Basically, the SEC doesn’t have the legal resources or $$$ to actually prosecute a case completey, so they almost always settle for whatever they can get.

Posted by mfw13 | Report as abusive

_hbw_, but as everyone knows when you design a product to fail it always always works out the way you expect and investors are always innocent dupes even when they are being paid millions to do the job of checking their investments. SEC might have a chance as long as they don’t worry too much about the facts.

Posted by Danny_Black | Report as abusive

“The party they are attempting to prosecute almost always has more lawyers and other legal resources to defend themselves with, and those lawyers are a lot higher paid than SEC lawyers as well. ”

The SEC almost always settles because they don’t have the resources to prosecute *lots* of cases. But, the SEC is very capable of prosecuting a major case against a major bank, no matter how many white shoe lawyers that bank hires. Several reasons: (1) the law favors the SEC — it has pre-litigation subpoena power, which means it can have a great case before it even files a complaint and it only has to prove negligence (private plaintiffs have neither advantage); (2) the SEC has very good lawyers — it is still, for a young lawyer especially, very prestigious to work at the SEC; they attract excellent attorneys; (3) the SEC and the government in general receive a huge amount of deference from judges and juries; (4) the SEC may not be able to assign 30 lawyers to a case, but it has 70 years of institutional knowledge and experience and the entire DOJ behind it — the resources of the federal government should never be underestimated.

If the SEC couldn’t prosecute any cases, they would never settle any cases. The ability to obtain good settlements is dependent upon a credible threat of trial.

That’s one reason the SEC might actually do well to take a synthetic CDO case through trial — it would help them up the value on future settlements.

Posted by _hbw_ | Report as abusive

hbw: I don’t see how the presence or absence of public sympathy for aggrieved investors is or ought to be relevant to the Commission’s settlement-litigation decisions. It’s not out of concern for particular aggrieved investors that the public interest would be served by pursuing civil litigation against Citi. Those private interests are served by the investors’ rights to pursue private civil actions. The public has an interest in the truth–i.e. whether and if so how Citi violated securities law. The SEC has for too long weighted this interest lightly, or as assumed that it is sufficiently served by non-admission settlements where the truth is merely implied to the extent money changes hands. The least the SEC could do is give the public some insight into their enforcement decision calculus.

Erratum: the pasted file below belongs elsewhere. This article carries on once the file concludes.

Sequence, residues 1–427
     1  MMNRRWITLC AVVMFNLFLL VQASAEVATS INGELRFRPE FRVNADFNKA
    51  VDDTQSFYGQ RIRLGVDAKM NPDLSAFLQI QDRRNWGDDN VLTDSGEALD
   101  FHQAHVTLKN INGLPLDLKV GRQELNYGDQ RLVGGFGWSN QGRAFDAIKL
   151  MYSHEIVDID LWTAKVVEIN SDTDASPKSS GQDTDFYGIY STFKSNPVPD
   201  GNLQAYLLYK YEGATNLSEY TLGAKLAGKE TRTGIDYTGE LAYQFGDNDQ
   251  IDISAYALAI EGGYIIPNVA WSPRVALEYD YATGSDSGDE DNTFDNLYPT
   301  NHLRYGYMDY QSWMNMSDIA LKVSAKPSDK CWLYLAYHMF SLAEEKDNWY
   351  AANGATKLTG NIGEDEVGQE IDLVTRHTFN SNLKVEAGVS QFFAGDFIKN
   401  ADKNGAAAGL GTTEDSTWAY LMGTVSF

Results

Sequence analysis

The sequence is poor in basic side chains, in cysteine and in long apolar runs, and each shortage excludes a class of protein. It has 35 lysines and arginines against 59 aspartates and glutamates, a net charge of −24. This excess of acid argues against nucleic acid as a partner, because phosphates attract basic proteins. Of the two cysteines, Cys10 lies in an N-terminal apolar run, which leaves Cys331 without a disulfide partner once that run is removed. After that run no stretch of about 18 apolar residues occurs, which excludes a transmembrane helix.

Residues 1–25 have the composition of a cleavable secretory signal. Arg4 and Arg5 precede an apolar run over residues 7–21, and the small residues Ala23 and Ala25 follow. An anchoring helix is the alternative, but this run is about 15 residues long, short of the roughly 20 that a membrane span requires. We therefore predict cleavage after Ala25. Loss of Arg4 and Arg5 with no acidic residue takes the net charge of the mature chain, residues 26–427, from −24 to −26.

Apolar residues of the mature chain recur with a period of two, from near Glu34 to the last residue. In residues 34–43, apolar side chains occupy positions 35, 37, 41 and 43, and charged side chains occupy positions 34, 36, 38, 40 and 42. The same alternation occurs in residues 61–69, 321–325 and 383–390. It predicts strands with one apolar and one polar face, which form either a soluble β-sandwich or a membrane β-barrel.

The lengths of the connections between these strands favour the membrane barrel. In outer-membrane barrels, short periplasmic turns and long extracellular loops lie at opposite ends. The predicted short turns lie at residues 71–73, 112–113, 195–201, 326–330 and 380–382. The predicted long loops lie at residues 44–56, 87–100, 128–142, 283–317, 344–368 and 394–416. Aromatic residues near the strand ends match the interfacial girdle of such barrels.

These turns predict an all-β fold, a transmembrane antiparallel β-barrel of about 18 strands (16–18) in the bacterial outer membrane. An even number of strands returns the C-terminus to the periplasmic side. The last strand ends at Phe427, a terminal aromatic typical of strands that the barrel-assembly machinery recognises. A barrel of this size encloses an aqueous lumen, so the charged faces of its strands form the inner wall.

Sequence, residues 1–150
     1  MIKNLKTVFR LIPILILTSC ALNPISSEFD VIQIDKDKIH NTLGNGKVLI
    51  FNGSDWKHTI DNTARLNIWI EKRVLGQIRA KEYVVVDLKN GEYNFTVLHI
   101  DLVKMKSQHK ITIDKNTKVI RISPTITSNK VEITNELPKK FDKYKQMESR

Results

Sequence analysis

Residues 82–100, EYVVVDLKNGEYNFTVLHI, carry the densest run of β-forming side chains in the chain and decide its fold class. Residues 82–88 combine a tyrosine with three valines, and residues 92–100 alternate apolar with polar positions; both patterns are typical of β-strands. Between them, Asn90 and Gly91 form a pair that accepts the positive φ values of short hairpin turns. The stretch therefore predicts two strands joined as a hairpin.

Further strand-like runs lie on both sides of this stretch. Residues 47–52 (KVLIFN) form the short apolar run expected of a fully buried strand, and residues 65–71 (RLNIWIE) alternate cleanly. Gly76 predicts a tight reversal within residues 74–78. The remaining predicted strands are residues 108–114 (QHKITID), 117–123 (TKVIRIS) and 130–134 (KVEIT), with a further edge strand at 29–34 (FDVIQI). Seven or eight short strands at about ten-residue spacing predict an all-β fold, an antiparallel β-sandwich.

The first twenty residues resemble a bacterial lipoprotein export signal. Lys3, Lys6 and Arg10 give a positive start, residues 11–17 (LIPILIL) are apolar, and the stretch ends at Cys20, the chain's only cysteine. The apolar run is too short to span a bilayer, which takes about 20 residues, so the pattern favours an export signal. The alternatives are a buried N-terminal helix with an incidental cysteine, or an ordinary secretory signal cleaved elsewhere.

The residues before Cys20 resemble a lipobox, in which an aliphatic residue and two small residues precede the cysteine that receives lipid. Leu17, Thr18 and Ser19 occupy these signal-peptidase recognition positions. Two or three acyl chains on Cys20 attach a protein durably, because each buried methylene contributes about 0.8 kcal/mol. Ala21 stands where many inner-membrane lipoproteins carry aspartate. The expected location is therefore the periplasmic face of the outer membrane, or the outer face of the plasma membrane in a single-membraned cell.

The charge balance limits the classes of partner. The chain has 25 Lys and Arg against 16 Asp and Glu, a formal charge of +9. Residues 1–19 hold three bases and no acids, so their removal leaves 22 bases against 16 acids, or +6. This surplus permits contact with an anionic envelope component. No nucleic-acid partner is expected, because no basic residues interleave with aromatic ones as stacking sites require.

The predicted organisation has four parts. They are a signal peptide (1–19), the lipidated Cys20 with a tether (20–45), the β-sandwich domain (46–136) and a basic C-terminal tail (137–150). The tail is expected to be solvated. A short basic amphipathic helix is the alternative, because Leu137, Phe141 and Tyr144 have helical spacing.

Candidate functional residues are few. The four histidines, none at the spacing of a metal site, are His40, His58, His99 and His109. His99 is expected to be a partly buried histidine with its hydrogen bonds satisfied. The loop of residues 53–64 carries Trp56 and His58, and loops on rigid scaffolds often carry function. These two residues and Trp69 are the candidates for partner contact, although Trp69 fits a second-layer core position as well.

Posted by Sandrew | Report as abusive

Sandrew, it factors through to chances of success in a jury trial surely?

Personally, i would have loved to see abacus go to trial, especially now Paulson is not the omnipotent god who shorted the housing market.

Posted by Danny_Black | Report as abusive

The SEC asked for a $285 settlement? LoL, great freudian slip.

Posted by Anonymous | Report as abusive

Too bad these kinds of court opinions don’t occur more often in the SEC’s cases against small operators and individuals. So Citi may double their penalty from 250mm to 500mm. Big woop. They’re still going to go on making billions in revenue. I on the other hand was literally driven into bankruptcy over non-proved/non-admitted/non-denied allegations. Wish I would have had a Judge Rakoff putting the SEC in their place instead of rubber-stamping everything they wanted.

Posted by Grinder74 | Report as abusive

The way I see Judge Rekoff’s argument, it seems the critical point is Citi’s lack of admission of guilt… and the fact that SEC ‘no guilt’ settlements are standard. Yes he has ‘painted himself in a corner’ but I still applaud his action because the ‘no guilt’ settlement issue might be the central reason that the financial industry has become such a den of fraud and criminality. There have been billions, possibly trillions of settlements paid, but guilt is never admitted (and nobody goes to jail).
The fine amount matters little, an admission of guilt is critical. SEC should be going after an admission of guilt because it would allow the rest of the legal system to work, it allows clients to get their money that was taken in the fraud (possibly even treble damages).

Posted by FinanceChicken | Report as abusive